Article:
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The Final Word by Chuck Swann
Declining demand and insupportable sales and profits have brought contraction instead of growth to some sectors of the pulp and paper industry. That is well-known, of course, and the decision to shut down mills that can no longer bring in profits also is as equally well accepted as a right response. And so the pulp and paper horizon is dotted with closed-down assets, and there is no consensus on what to do with them.

Perhaps it is time to introduce a new word into the discussion. That word is "repurpose." Merriam-Webster defines that word as "to give a new purpose or use to." Has there been in the industry any serious, full-blown consideration and discussion about how to give new purposes or uses to shut-down assets? If so, it is not apparent.

It is inconceivable that the enormous pool of brain power and intelligence that is resident in the pulp and paper industry's scientists and engineers could not conceive of new purposes and uses if organized and committed to the task. This might be done by task forces within larger companies and by ad hoc think tanks of people drawn from smaller companies in industry partnerships or associations.

Sometimes it is helpful to look outside the industry for creative insights. One such example is being demonstrated by Swedish home furnishings giant Ikea. Ikea has unveiled a line of furnishing made of paper--paper pulp, to be exact. The company plans to send this new line of sofas, chairs, stools and other home furnishings to stores around the world, beginning in May 2017.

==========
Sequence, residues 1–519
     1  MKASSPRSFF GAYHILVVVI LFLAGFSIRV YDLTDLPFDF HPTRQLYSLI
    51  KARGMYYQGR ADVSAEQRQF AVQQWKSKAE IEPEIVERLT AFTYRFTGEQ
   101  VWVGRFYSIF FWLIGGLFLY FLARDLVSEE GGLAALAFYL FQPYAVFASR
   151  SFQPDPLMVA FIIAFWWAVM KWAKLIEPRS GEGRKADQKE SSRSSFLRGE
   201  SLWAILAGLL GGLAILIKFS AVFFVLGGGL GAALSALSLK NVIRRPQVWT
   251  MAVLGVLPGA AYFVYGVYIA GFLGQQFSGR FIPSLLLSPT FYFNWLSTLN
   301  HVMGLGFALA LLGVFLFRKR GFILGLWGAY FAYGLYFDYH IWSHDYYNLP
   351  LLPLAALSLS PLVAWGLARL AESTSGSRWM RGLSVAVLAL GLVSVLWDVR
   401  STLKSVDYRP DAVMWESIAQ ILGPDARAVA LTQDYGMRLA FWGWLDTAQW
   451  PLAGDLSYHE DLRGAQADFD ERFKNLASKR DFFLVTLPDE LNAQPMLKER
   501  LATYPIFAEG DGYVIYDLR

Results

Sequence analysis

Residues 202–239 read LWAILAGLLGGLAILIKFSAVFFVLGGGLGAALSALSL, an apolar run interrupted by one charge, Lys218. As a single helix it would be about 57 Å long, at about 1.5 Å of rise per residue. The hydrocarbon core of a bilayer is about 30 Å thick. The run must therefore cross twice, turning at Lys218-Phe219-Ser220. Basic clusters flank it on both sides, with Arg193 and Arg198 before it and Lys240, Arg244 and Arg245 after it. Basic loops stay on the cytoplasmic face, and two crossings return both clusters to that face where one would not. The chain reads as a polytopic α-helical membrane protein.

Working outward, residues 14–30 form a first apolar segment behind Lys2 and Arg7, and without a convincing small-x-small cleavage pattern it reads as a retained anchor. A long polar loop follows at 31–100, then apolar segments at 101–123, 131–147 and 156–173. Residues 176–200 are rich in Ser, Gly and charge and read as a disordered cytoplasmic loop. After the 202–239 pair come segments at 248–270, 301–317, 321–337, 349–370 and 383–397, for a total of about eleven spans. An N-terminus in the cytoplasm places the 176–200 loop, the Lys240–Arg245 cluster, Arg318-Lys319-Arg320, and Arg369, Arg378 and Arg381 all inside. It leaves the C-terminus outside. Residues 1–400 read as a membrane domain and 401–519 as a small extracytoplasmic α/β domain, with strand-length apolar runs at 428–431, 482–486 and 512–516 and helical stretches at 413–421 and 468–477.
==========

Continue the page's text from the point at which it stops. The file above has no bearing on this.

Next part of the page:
Australian reporter Adam Estes reported on gizmodo.com.au that Ikea has developed a process that enables pressure molding pulp into "...hyper-resilient forms. This stuff is rock-solid," he said. The new process is reportedly not dissimilar to making egg cartons out of pulp--but considerably more advanced. Attending an unveiling of the new line, Estes said, "I sat in the paper chair...and it felt pretty good. I knocked on the bookshelves and they felt sturdy. I sat on the sofa; it was plush. I ran my fingers along the fabric. It felt soft, like a well-washed denim."

Ikea cannot afford to introduce products that don't perform well. And it is serious about this one. An Ikea spokesman said, "We have built factories around it." The first of these factories is in Sweden, but later manufacturing facilities will be located near factories in other countries, to simplify sourcing and make the global shipping process as efficient as possible.

This is only a very brief outline of what one company, outside the pulp and paper industry, is doing with a common industry product that is in surplus. We wonder: is it causing any light bulbs to click on over the heads of any Paperitalo Publications readers?

Chuck Swann is the senior editor of Paperitalo Publications. He can be reached by email at chuck.swann@taii.com.

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